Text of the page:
August 2013

5 myths of educational innovators, part II: DIY U, “everyone should code”

This is the second of two posts about busting cherished myths of educational innovators. The first post is found here. 4) Self-directed learning: This paper , published earlier in the summer by Paul Kirschner, a professor of Educational Psychology at the online Open University of the Netherlands, & Jeroen J.G. van Merrienboer at Maastricht University, in Educational Psychologist labels three popular ideas […]

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5 myths of educational innovators, part I: disruption, digital natives, and learning styles

It’s almost back to school–a good time to clear out the cobwebs and challenge some conventional wisdom. Hype is seductive, and an enemy of clear thought. Luckily, I’ve recently come across some very well-spoken and thoughtful criticism of long-cherished ideas–even some of my own! Consider it a blast of compressed air for your brain instead […]

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What Apple, IBM, Microsoft and LinkedIn Want with K-12 Schools

  There’s an ever-expanding universe of ed-tech startups out there, alongside the massive incumbents in textbook and educational materials that have moved aggressively into digital products and services. But to get a true picture of the direction of innovation in K-12, it is also helpful to look at how the big technology companies are tackling […]

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Teens, mobile phones, and the digital divide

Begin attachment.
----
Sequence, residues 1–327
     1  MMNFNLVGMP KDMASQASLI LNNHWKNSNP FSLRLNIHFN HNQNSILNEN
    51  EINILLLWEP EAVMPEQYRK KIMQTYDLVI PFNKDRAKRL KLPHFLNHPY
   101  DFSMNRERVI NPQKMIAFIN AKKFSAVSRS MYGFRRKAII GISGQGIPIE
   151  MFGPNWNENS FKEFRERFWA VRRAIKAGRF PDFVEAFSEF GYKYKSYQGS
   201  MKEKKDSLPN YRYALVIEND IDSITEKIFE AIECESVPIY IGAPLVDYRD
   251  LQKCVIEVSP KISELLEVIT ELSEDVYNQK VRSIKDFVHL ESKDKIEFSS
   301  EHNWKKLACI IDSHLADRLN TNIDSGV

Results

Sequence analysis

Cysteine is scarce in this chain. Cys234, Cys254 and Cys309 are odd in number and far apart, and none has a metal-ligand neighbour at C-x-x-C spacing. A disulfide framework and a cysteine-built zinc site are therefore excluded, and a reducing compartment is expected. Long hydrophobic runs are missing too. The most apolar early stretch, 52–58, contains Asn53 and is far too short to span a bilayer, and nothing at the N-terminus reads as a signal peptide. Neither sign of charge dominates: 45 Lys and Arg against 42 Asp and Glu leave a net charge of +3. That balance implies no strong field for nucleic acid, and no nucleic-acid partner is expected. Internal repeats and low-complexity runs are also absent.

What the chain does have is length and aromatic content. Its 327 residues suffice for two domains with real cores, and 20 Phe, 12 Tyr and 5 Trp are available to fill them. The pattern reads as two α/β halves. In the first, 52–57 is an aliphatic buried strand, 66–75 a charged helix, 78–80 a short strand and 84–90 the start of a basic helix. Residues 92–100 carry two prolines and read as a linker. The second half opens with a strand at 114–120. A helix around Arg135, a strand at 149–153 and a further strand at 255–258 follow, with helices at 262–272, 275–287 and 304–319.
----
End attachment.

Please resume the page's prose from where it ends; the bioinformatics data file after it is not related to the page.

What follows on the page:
After $4 billion worth of federal grants over the past few years, 98 percent of Americans now have access to high-speed broadband Internet–in theory.  Yet 30 percent of Americans, according to the latest report from the US Department of Commerce, don’t actually have the Internet at home.  Broadband access is effectively no longer a matter of infrastructure, […]

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Three rules for robograding, and other ed-tech innovations

Automated grading of students’ essays and short answers has been around for almost 20 years, but it’s engendering quite a bit of controversy as the technology progresses. A large study released in April, connected to a competition sponsored by the Hewlett Foundation, showed the grades assigned by a computer program to 22,000 7th, 8th and 10th grade essays matched […]

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McGraw-Hill executive on Big Data: “Don’t look at us, look at Joe Camel”

Jeff Livingston is a senior VP at McGraw-Hill Education, one of the “Big Three” education companies along with Pearson and Houghton Mifflin Harcourt. The privately held company has offerings that span textbooks, Common Core-aligned assessments and adaptive learning. In the course of a free-wheeling conversation last week for my upcoming book, Livingston and I got onto […]

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Four insights into the future of games and technology for learning

Two very disparate sources shared insights this week on the role of video games, and by extension, technology more broadly, in 21st century learning. James Paul Gee, a venerable yet cutting-edge education researcher and social critic, spoke about the topic to the Digital Media and Learning center of the MacArthur Foundation, and the Joan Ganz Cooney […]

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Getting teachers to share nicely

Most teachers have file folders and flash drives full of material that they use to generate awesome lessons year after year: activities, projects, discussion questions, texts, audio, video. But they don’t always have easy ways to share these ideas, or discover new ones. A new non-profit ed-tech start-up called OpenCurriculum, based in Pittsburgh, launches this week […]

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Course Choice: the death knell of public education?

  St. Augustine High School Marching Band, New Orleans, via Angie Antimatter on Flickr Bobby Jindal, the Republican governor of my hometown state of Louisiana, is, by any measure, not a fan of traditional public education. As a graduate of twelve years of public schooling in the state and the daughter of two retired Louisiana […]

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